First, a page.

We urgently need a set of practical guidelines for addressing and preventing heritage loss by Indigenous peoples.
Indigenous languages will be the focus of Montana State University’s 2018 American Indian Heritage Day observance.
Two new reports detail 'unusual' and questionable behavior by the highest-ranking education official at the Bureau of Indian Affairs.
Zoe Higheagle Strong, a citizen of the Nez Perce Tribe, is assuming a high-profile role at Washington State University.
A sacred object that was taken from the Pueblo of Zuni more than four decades ago will be returning home
A public school on the Fort Berthold Reservation in North Dakota was temporarily closed due to a gun threat.


A record number of Native Americans, including Native women, are seeking seats in the U.S. Congress. Here are the active candidates.

Generations of government assimilation programs left Native Americans 'robbed of the ability to speak our own language,' one advocate said.

Indian Country could see an influx of funding, so long as President Trump doesn't derail the bill.

The Senate Committee on Indian Affairs is looking into Native language revitalization efforts and a new Trump administration official will be there.

The U.S. Army is reaching out to Indian Country to help identify tribal youth who died while attending the infamous Carlisle boarding school.

Students in Native communities are disproportionately affected by trauma.

The Native American Basketball Invitational is about more than just rez ball.

The leader of New Zealand is vowing to ensure her newborn daughter learns the Māori language and understands Māori culture.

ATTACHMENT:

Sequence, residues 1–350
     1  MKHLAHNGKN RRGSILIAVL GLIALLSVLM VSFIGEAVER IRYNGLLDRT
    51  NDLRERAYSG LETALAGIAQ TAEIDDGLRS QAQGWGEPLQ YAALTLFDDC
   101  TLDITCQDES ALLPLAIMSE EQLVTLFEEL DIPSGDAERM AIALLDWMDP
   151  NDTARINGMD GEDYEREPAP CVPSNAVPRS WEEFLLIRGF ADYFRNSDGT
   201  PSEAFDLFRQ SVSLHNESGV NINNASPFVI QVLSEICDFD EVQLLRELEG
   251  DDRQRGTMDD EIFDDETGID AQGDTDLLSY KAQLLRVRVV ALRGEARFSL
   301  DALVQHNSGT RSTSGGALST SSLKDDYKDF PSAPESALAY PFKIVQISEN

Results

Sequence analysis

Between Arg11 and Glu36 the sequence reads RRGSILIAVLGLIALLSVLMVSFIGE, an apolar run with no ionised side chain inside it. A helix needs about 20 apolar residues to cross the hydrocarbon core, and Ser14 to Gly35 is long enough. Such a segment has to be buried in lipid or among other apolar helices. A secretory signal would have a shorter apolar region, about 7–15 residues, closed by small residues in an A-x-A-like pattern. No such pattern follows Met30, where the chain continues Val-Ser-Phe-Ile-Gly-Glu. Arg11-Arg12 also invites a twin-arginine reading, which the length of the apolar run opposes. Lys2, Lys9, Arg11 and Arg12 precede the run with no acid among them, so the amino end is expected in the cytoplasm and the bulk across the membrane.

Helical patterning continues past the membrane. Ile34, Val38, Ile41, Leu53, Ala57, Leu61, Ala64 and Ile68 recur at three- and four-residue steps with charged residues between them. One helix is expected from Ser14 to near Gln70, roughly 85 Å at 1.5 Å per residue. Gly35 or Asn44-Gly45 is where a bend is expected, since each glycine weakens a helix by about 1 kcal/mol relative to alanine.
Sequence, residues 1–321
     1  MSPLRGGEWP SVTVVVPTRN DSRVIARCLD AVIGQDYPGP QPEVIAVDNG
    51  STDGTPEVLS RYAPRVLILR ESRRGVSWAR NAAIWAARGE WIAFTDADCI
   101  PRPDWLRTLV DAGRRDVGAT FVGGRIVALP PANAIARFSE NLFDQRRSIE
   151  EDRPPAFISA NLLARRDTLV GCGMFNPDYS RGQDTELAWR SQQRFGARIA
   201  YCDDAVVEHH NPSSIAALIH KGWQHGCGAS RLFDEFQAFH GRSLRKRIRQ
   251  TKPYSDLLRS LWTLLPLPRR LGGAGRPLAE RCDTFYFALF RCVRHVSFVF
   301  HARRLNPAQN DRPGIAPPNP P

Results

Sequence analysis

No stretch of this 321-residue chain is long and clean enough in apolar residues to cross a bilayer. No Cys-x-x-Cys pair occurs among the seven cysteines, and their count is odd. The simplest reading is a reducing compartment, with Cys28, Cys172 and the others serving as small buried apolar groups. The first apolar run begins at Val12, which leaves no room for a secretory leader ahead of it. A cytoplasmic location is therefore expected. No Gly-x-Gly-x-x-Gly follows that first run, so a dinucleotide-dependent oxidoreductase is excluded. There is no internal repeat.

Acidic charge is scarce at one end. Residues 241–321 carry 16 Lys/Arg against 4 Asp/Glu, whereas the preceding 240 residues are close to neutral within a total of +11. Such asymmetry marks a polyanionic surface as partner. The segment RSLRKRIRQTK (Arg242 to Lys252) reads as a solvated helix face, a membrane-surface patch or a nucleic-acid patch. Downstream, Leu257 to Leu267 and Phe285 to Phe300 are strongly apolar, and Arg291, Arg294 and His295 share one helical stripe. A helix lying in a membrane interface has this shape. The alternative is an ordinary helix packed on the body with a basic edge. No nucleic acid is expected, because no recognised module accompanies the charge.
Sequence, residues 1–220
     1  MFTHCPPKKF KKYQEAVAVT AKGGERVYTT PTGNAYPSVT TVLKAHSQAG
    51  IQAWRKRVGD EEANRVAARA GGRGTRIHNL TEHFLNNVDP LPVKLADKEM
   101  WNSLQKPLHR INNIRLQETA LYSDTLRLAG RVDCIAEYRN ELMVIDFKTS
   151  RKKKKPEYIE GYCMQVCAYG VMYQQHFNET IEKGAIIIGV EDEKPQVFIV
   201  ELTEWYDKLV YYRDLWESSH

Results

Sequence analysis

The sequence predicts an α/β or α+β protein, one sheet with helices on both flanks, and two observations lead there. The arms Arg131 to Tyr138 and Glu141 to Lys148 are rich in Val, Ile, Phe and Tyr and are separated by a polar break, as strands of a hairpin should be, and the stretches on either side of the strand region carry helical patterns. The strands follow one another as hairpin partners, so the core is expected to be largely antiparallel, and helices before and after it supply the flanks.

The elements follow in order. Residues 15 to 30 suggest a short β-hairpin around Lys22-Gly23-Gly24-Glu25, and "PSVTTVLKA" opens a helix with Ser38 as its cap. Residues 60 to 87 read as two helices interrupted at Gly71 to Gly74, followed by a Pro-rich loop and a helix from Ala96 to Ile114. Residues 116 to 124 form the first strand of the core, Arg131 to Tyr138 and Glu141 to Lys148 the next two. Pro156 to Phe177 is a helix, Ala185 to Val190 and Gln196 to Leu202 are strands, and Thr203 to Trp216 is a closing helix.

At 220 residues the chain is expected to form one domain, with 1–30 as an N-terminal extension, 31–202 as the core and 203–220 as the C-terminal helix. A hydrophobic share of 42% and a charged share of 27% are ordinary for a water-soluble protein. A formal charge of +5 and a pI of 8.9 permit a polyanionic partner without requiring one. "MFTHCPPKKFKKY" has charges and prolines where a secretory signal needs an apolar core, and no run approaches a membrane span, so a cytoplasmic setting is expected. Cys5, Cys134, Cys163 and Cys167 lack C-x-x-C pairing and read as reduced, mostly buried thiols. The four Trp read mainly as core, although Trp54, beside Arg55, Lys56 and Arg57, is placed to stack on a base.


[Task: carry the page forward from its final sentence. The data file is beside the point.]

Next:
The Blackfeet Nation is an innovator in indigenous planning efforts.

Native voters in South Dakota are making some big decisions in 2018.

Native graduates ought to know that the word 'education' masks the horrid reality of the boarding school era which their ancestors endured.

The calls of the Truth and Reconciliation Commission mean that we can no longer simply repeat the stories that we have heard and memorized.

Nearly 100 people participated in the 2nd annual Umónhon-Pónka Summer Institute in Nebraska.

The Lenape Indian Tribe owns just a half-acre of its homelands in present-day Delaware.

Henry Payer's earliest memory involves a sketchbook his father once gave him. He's been filling pages ever since.

A school on the Navajo Nation went without fire protection systems for more than a decade and the problem still hasn't been completely fixed.

A parade of men, white and mostly over 35 years old, wept at the thought of losing their racist mascot.

Many Indigenous Nations and citizens believe that nothing has changed in over 400 years

The Sovereign Native Youth STEM Leadership Academy introduces science careers to Native students,

Inspired by Indigenous storytelling traditions, the Math Catcher Outreach Program attracts youth to the study of mathematics.

Navajo citizen JJ Nakai is blazing a trail for younger Native American basketball players.

Throughout our history, the United States has used the separation of families as a means of controlling people of color.

Parents and teachers aren’t angry over what the a new children's book says about the president, but rather what it leaves out.

Four students who died at the Carlisle Indian Industrial School in Pennsylvania are being returned to their tribal families.

Innovative resources are integrating Indigenous perspectives into schools through inquiry, video, images and activities.

Federal agencies that oversee Indian affairs are not making enough progress to satisfy key members of Congress.

Officials from the Bureau of Indian Affairs, the Bureau of Indian Education and the Indian Health Service are back on Capitol Hill to discuss whether they are making any progress in improving the people they serve.

Is the Trump administration making progress in improving Indian education, health and energy programs?

The discovery of a skull on a library shelf highlights the long history of treating Native ancestors as collector's items.

'It’s really the spirit within our people that I felt crying out,' Chairwoman Cheryle Kennedy says of items on display at the Grand Ronde tribal museum.

As convocation ceremonies roll out across the country with few Indigenous folks in the class of 2018, we should not be surprised.